The data used to compile the charts comes from the most recent quarter, and only looks at that quarter. While some of the expenses will fluctuate from quarter to quarter, all shippers will be subject to bunker fuel rates, weather delays, and repairs needed that will affect expenses. A look at yearly expenses is also helpful, as is multi-year comparisons.
The fees the companies will log are also tied to how the fleet is managed. The two means most companies use are either Voyage Charter or Time Charter.
Voyage Charter: In a Voyage Charter, a company hires a shipper to move its product from one location to another. The charterer pays the shipper on a per-ton basis and the shipper pays the port costs, fuel costs and crew costs. Most of the voyages are typically one way with a shipper moving a load but having to return empty on their dime.
Time Charter: In a Time Charter, the ship is chartered for a specific period of time and the charterer will decide the ports and routes. The charterer will pay for all fuel, port charges, commissions, and a daily hire to the owner of the vessel.
Voyage expenses: Voyage expenses are all expenses unique to a particular voyage, including bunker fuel expenses, port fees, cargo loading and unloading expenses, canal tolls, agency fees and commissions. When a company operates their ships in the voyage charter spot market, the company is responsible for all voyage expenses as opposed to spot market-related time charters in which a company is not responsible for voyage expenses.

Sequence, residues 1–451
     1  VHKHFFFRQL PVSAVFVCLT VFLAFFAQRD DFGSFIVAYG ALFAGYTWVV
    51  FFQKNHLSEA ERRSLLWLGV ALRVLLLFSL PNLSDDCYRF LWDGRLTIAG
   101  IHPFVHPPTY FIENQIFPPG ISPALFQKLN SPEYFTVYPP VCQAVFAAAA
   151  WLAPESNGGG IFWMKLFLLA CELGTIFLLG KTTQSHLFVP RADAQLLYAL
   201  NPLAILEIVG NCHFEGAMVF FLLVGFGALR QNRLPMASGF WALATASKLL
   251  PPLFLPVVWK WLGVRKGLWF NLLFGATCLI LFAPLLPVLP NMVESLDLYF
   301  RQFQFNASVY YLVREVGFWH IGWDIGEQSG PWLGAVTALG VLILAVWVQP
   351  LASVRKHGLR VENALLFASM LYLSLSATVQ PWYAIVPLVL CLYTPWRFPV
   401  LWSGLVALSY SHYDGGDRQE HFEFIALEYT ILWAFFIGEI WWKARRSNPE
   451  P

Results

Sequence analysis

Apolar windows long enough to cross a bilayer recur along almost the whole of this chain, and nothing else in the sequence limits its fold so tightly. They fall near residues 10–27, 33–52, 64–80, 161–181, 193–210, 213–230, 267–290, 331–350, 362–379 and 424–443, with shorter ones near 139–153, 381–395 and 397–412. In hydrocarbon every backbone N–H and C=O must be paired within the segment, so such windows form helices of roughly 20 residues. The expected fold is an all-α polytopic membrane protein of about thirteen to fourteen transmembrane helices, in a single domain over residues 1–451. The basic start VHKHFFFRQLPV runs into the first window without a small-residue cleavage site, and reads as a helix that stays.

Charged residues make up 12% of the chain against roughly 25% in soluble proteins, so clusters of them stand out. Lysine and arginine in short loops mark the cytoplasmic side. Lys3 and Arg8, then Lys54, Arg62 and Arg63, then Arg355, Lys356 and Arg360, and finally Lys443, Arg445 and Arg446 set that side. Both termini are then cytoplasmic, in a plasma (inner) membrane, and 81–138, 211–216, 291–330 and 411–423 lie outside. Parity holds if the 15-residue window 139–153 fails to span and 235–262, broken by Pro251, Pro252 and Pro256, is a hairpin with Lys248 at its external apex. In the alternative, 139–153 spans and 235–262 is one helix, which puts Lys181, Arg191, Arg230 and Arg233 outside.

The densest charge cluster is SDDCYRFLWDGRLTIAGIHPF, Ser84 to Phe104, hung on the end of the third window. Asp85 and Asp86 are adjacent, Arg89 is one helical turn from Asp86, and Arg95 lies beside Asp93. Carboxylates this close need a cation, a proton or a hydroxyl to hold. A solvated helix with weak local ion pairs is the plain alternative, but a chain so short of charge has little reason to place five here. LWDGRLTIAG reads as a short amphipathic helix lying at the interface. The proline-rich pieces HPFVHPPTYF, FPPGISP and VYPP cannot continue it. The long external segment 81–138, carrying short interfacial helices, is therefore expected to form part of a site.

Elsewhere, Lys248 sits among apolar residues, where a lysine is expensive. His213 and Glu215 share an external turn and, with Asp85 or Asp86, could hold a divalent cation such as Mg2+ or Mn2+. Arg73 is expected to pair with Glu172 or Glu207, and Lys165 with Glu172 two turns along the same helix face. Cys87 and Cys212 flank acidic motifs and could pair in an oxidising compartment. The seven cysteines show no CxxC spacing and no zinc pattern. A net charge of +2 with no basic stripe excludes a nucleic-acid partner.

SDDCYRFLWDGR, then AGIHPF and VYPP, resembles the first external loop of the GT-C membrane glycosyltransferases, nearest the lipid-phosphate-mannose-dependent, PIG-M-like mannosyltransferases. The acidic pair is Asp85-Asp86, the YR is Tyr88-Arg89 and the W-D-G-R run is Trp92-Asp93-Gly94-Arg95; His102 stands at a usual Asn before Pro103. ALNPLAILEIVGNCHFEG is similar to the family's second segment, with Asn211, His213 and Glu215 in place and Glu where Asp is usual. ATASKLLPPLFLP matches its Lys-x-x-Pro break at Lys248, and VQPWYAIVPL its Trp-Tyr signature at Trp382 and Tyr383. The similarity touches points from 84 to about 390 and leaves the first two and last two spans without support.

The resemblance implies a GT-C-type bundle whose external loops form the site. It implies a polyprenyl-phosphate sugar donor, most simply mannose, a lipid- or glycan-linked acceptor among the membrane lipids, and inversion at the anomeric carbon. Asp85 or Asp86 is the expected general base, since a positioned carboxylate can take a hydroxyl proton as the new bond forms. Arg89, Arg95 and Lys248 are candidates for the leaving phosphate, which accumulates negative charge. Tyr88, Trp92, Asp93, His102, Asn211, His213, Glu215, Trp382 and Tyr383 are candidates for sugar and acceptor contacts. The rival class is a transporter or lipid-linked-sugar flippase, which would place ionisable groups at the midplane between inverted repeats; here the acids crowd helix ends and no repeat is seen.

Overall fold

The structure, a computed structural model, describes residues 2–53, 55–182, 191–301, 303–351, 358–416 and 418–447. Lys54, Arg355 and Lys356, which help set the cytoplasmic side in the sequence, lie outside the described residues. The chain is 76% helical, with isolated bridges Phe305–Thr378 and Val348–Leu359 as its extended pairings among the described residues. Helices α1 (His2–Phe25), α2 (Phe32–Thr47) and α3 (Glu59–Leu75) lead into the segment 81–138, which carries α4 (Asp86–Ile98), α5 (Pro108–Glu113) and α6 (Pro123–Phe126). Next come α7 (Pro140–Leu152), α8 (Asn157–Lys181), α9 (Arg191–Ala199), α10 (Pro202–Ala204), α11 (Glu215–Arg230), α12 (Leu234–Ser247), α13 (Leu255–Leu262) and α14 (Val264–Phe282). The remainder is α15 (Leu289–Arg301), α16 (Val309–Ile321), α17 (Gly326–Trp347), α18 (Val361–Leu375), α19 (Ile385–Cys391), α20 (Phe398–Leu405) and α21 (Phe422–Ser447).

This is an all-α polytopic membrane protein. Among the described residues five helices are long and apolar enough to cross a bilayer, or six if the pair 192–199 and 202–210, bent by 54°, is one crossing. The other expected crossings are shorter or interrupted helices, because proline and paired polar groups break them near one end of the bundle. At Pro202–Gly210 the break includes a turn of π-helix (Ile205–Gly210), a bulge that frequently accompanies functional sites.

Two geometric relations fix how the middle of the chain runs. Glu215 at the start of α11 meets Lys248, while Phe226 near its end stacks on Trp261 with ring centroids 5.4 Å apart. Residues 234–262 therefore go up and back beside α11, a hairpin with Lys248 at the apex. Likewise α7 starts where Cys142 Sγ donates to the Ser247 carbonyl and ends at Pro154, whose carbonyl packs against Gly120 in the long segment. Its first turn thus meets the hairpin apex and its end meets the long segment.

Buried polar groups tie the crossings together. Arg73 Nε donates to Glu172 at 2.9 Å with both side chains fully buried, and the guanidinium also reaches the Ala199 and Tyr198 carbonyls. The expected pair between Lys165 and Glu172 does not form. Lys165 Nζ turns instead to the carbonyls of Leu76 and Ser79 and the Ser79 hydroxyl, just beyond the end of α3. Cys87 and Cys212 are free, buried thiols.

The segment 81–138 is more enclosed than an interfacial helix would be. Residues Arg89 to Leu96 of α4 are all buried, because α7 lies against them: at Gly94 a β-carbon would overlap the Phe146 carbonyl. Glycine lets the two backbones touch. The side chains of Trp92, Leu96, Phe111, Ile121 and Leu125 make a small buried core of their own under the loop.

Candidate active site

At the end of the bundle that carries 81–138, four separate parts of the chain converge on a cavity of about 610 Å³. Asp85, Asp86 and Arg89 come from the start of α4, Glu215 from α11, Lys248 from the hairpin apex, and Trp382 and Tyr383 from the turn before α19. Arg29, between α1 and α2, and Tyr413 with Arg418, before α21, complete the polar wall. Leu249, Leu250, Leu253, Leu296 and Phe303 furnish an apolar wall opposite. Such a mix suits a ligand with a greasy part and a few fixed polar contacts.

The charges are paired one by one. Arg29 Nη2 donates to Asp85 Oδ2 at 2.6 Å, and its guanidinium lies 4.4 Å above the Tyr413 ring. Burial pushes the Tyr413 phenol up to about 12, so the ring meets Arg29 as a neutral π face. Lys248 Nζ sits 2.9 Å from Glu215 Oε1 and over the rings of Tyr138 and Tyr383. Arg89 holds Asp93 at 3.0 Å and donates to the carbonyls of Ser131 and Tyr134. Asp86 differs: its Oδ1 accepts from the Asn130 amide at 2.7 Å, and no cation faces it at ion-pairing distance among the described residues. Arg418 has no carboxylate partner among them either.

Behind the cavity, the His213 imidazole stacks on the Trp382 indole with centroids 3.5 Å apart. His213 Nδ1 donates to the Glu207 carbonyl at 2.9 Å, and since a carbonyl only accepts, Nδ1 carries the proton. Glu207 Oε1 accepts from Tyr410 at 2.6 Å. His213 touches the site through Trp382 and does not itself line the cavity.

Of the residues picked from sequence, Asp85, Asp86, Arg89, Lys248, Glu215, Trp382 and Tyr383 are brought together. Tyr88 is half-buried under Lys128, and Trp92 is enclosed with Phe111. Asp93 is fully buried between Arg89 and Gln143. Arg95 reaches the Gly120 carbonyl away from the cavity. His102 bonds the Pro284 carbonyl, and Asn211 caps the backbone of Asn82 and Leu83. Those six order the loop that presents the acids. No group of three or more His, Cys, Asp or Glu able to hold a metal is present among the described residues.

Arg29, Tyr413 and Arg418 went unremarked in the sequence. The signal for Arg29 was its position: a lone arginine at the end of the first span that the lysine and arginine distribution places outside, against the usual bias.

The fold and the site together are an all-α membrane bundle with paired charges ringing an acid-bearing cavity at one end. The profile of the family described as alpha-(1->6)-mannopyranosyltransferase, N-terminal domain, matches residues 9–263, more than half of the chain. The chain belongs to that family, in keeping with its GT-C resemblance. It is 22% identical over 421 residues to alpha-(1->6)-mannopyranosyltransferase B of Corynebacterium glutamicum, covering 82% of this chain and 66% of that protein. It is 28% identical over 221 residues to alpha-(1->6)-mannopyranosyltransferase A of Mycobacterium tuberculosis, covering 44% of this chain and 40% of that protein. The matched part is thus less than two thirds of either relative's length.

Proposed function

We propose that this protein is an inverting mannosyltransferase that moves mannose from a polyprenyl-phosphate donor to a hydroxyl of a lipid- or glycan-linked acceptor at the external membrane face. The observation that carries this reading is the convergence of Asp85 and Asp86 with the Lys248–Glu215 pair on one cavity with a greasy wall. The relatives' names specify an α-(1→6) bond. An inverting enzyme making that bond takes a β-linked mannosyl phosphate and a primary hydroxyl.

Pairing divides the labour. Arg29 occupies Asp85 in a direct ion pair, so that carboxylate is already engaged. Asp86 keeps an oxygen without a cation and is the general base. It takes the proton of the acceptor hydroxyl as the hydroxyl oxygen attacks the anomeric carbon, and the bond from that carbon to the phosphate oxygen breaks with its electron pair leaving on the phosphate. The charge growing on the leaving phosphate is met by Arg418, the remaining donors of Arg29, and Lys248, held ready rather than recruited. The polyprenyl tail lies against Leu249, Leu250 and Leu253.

Vessel operating expenses: Vessel operating expenses includes crew costs, provisions, deck and engine stores, lubricating oil, insurance, maintenance and repairs and management fees. Under both types of charters, the company will be responsible for these costs.
General and Administrative Expenses: General and administrative expenses include onshore vessel administration related expenses such as legal and professional expenses and administrative and other expenses including payroll, office rent and expenses, directors' fees, and directors' and officers' insurance. General and administrative expenses also include non-cash compensation expenses.